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Addressing automotive connectivity issues

07 Oct 2014  | Ankush Sethi

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Automotive infotainment is growing at such a rapid pace as there is now an increasing desire among consumers to have the latest and greatest video and audio capabilities in their vehicles. There is now a demand for video input and output capabilities, graphics and animation processing capabilities, as well as high fidelity audio systems for in-car infotainment. Protocols such as MOST and AVB are becoming prevalent. Also, there is an increasing requirement to have all these blocks integrated in one chip. Unlike a usual consumer market, the automotive market still needs high quality standards to adhere to, and the devices designed for this field should be able to work in more rugged environment. The article covers the recent trends in automotive infotainment from the way the landscape is changing in view of "connected cars" to the different blocks and features driving those.

Integrating mobile devices
A "Connected Car" is a car that is well connected to the inside and outside world. Connectivity within the vehicle includes providing connectivity to devices that are brought into the vehicle. Connectivity outside the vehicle primarily involves the Internet connection via Wi-Fi, LTE, or some other means.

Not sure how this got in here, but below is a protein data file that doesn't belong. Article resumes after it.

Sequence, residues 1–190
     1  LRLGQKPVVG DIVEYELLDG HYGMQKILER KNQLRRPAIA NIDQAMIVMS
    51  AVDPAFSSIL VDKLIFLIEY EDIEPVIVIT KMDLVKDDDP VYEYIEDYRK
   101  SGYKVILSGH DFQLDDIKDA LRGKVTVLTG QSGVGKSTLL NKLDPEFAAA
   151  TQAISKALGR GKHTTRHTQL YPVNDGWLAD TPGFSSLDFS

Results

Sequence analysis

There are many challenges associated with the implementation of connectivity as it pertains to today's connected car, and these challenges involve both connectivity within the vehicle and connectivity outside the vehicle. Some challenges in automotive connectivity are:

 • Android Apps
 • The Internet
 • Streaming Multimedia Content
 • Security
There are some solutions already available for connected car e.g. MirrorLink, Miracast, DLNA and Ford AppLink. A smart phone or media player can connect to a car through any of above. For instance, MirrorLink transforms martphone into automotive application platforms where apps are hosted and run on the smartphone while drivers and passengers interact with them through the steering wheel controls, dashboard buttons and touch screens of their car's In-Vehicle Infotainment (IVI) system.

Figure: Integrated radio processing and audio.

Software defined radio
Countries or regions have chosen different standards for a variety of reasons (commercial, political, financial, network considerations, etc). Hence, a customisable option is demanded which can be software configurable and easily ported across nations and regions. This is being achieved through a technology recognised as Software Defined Radio (SDR). The principle behind SDR is to run software on a multipurpose processor to handle the functions of the radio reception path that are typically realised in hardware, as for example, the demodulation and audio decoding. Effectively, the software defines what kind of processing is applied to the signal coming in from the antenna.

The figure demonstrates an abstract level implementation of the design that has an on chip radio processing (defined by Software) and audio playback capabilities. Here we have blocks that interface to external radio tuners and receive radio data. Then the audio is recovered from this radio data by the processes of demodulation and harmonic filtering. The recovered audio data is transmitted to a DAC converter unit which converts the digital input into an analogue audio signal which then can be played via an external speaker.

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